Soil bacteria and pathogens share antibiotic resistance genes

Feb 21, 2012 By Michael C. Purdy
Graduate student Kevin Forsberg, shown preparing a bacterial culture, led a comparison of antibiotic resistance genes in soil bacteria and in pathogens. (MICHAEL C. PURDY)

(PhysOrg.com) -- Disease-causing bacteria’s efforts to resist antibiotics may get help from their distant bacterial relatives that live in the soil, new research at Washington University School of Medicine suggests.

The researchers found identical for in and in from clinics around the world. The matches prove that the two groups of bacteria have recently shared these genes but do not establish the direction of the sharing.

The results will be presented Feb. 20 at the annual meeting of the American Association for the Advancement of Science in Vancouver, British Columbia. The presentation is part of a panel discussion titled “Winning: Superbugs or Surveillance and Science?”

“A majority of the antibiotics used today are produced by soil bacteria, so it’s no surprise that the same bacteria have genes for resisting antibiotics,” says presenter Gautam Dantas, PhD, assistant professor of pathology and immunology. “Antibiotic resistance genes have likely been around for billions of years in the soil, but we wanted to take a first look at whether any of them are being exchanged with bacteria that cause human disease.”

Using soil samples from sites in the United States, Dantas and his colleagues identified a series of antibiotic resistance genes in soil bacteria that can resist five classes of antibiotics, including forms of penicillin, sulfonamide and tetracycline. They found seven genes, of which several appear to be clustered together, that collectively employ all the known strategies for resisting antibiotics: blocking or ejecting the antibiotic from infected host cells, directly attacking the antibiotic or modifying the bacterial protein targeted by the antibiotic.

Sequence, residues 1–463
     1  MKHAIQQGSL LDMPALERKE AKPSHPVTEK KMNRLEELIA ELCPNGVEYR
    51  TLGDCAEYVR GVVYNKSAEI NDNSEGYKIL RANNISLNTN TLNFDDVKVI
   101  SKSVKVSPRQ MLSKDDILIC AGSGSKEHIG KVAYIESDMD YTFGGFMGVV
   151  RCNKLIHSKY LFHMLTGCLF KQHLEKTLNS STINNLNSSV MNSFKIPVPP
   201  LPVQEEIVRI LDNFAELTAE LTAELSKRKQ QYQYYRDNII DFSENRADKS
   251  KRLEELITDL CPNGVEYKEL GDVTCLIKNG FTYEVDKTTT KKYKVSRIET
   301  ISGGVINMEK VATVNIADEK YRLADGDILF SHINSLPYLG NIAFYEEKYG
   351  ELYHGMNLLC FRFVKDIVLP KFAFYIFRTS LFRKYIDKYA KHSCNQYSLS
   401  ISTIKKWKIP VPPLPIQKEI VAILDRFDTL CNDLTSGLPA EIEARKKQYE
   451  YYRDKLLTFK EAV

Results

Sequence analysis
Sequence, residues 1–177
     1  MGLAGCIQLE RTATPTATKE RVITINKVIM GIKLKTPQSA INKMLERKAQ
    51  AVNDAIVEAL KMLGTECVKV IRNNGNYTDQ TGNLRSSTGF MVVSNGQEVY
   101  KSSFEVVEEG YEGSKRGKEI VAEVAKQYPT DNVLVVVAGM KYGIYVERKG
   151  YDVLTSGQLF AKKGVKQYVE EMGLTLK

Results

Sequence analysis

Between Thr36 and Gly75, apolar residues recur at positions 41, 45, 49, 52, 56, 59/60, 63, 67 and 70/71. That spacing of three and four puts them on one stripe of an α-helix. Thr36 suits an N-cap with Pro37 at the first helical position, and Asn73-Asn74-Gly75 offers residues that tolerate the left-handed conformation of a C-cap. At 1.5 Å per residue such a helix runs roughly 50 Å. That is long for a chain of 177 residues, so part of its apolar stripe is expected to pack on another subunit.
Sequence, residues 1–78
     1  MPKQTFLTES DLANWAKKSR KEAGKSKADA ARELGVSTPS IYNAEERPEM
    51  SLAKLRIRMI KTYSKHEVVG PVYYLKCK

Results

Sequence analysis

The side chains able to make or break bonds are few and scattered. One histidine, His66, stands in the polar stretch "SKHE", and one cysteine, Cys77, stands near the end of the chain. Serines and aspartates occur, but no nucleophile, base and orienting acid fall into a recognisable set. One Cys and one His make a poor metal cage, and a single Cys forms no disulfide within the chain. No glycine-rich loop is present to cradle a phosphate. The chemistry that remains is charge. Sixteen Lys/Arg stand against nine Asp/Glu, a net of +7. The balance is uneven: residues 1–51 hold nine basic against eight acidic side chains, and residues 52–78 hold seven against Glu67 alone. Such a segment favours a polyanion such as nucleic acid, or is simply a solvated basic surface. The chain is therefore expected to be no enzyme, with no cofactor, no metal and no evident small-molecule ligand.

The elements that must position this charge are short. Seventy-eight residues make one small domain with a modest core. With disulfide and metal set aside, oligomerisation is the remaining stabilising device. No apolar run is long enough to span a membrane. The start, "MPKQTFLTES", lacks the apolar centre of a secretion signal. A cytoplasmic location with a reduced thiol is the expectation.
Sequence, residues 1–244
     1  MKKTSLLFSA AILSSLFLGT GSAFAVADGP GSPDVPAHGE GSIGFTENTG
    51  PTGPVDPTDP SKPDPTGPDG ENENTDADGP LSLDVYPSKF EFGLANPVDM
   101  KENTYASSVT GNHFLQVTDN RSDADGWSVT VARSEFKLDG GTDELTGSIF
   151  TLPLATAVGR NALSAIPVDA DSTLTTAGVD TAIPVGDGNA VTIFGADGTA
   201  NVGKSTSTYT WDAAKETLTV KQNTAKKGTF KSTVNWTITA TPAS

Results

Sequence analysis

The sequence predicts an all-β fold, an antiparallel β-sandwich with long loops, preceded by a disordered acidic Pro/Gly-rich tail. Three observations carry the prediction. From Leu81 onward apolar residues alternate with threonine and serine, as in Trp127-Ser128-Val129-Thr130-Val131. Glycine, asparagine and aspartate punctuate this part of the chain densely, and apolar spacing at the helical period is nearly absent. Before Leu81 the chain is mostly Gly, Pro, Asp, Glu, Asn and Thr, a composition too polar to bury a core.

The same antibiotic resistance genes were present, often in similarly clustered arrangements, in samples of disease-causing bacteria from medical clinics around the world. Many of the matched genes were identical not only in the sections of the genes that code for proteins but also in nearby non-coding sections.

Bacterial DNA normally accumulates mutations and other alterations much more quickly than the DNA of humans. The lack of changes in the antibiotic resistance genes identified in the study suggests that the transfers of the genes must have occurred fairly recently in evolutionary history.

“We don’t yet know how much of a challenge these gene transfers are for our efforts to control infectious diseases,” says Kevin Forsberg, a graduate student in Dantas’ lab who led the research. “Are there a whole lot of these antibiotic resistance clusters being passed around, or did we just get lucky in discovering this potent group in our first assessment?”

“I suspect the soil is not a teeming reservoir of antibiotic resistance genes,” Dantas says. “But when we dump antibiotics into the environment, as our society does in a variety of contexts, we may be enriching that reservoir, and that may make antibiotic resistance genes more accessible to infectious bacteria.”

Dantas’ presentation will also feature earlier research he conducted on the presence of antibiotic resistance genes in human gut microbes.

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